"Night Wine" is an inspiring tale: Amerigo Pugliesi, an Italian boy, leaves home to study winemaking in France. There, a wise old winemaker tells him opportunities exist in California. Eventually, he reaches the Napa Valley where he begins working toward his goal. His story is familiar to generations of immigrants: overcoming bigotry, learning a language, feelings of inferiority. His life spans three wars, Prohibition and the Great Depression. When life's problems weigh heavily, he knows he can always return to his beloved wineyards.
Paul Griffin, retired history/government teacher
From the Publisher
Night Wine does not follow the usual or well-known families in the Valley. It does, however, involve the multi-ethnic origins of the Napa Valley. Though the work is fiction, the development of the protagonist can be traced to Taddeo's father and an uncle, both immigrants who introduced him to the art of winemaking and the myriad characters who ferment, age, consume and sometimes even sell the elixir. Studying the smaller wineries in Santa Ynez and Paso Robles where the vintners were accessible and friendly gave him a good feeling for the early years. Researching the established wineries in Napa and Sonoma showed him how far the industry could go when the product is exceptional.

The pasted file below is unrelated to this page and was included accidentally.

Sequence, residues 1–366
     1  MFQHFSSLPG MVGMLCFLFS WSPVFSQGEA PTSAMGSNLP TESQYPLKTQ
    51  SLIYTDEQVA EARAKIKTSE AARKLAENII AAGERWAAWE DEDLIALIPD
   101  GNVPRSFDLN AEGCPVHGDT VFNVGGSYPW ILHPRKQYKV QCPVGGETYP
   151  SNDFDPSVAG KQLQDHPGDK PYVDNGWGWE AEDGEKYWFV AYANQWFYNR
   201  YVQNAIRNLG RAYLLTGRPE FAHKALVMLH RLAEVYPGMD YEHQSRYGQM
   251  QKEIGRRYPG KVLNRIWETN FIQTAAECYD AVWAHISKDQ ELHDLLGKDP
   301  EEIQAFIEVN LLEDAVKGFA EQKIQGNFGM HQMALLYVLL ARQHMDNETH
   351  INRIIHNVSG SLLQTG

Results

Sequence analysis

Night Wine is ultimately a story about the enormous influence diverse minorities have contributed to developing the California wine industry into the highly respected position it holds in the world today.